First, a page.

Gzipping your font files

When using @font-face to display fonts, you have to create a whole bunch of font files on your server to accomodate the quirks of the various browsers.

If you do things right (or follow the automatic kit build of FontSquirell), you should get a .eot file for IE, a .ttf/.otf file for current browsers, a .svg file for Chrome and the iPhone/iPad and a .woff file for the next browser generation.

Unfortunatly, you'll have to cope with that because there isn't much we can do about it at the moment.

But you can compress those files to make the font rendering faster. Some browsers even download all the fonts even if they will only use one, so compress them !

The easiest way is to configure your server to automatically gzip them. You should already have done that for your css and js file so it is just a matter of adding new types.

As far as I know .otf and .ttf files don't have registered mimetype, so I had to create a dummy one for them in my .htaccess :

AddType x-font/otf    .otf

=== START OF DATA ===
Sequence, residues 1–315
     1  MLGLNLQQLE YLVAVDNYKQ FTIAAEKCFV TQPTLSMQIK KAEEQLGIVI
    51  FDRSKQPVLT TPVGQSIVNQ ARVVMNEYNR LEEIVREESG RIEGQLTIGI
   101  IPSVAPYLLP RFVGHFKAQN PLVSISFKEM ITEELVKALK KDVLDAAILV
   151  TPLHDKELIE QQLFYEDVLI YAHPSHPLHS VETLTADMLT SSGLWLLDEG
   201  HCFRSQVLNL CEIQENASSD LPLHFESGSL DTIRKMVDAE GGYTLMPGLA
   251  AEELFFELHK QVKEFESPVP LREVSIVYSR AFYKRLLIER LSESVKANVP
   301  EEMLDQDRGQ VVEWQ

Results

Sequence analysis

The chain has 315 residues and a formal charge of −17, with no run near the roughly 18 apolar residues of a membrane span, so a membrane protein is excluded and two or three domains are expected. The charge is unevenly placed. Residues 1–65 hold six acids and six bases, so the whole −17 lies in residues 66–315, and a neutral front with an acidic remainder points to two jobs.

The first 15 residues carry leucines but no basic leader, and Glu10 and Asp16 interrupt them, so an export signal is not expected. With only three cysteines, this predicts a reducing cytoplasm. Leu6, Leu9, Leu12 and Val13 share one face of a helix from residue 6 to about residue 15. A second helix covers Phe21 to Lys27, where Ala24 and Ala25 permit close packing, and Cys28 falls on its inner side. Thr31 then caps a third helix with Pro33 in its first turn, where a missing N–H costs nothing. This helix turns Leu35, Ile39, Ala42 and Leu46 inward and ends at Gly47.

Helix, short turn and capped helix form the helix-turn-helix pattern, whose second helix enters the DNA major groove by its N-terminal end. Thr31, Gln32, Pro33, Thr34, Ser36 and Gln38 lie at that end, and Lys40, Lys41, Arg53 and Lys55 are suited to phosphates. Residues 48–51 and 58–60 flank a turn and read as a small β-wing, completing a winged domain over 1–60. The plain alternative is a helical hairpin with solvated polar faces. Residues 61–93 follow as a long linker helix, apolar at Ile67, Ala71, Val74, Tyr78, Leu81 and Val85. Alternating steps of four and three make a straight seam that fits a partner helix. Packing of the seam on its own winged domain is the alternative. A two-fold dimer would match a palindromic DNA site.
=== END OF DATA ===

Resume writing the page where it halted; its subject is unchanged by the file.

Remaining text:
AddType x-font/ttf    .ttf
AddType x-font/eot    .eot

I also added the .eot because even if an application/vnd.ms-fontobject mimetype is registered for this obscure microsoft format, when I tried to add a deflate rule on it, my Apache crashed so I took the safest way of defining a custom mimetype.

I prefixed them with an x-to make sure that it won't mess with existing mimetypes.

The second part was to add gziping to those

AddOutputFilterByType DEFLATE x-font/otf x-font/ttf x-font/eot

SVG files are in fact xml files, and you should already have them gzipped, so no need to add them here.

I haven't included .woff files because .woff files are already compressed files, so you don't need to gzip them.

Tags : #woff #ttf #otf #mod_deflate #gzip #font #eot #apache

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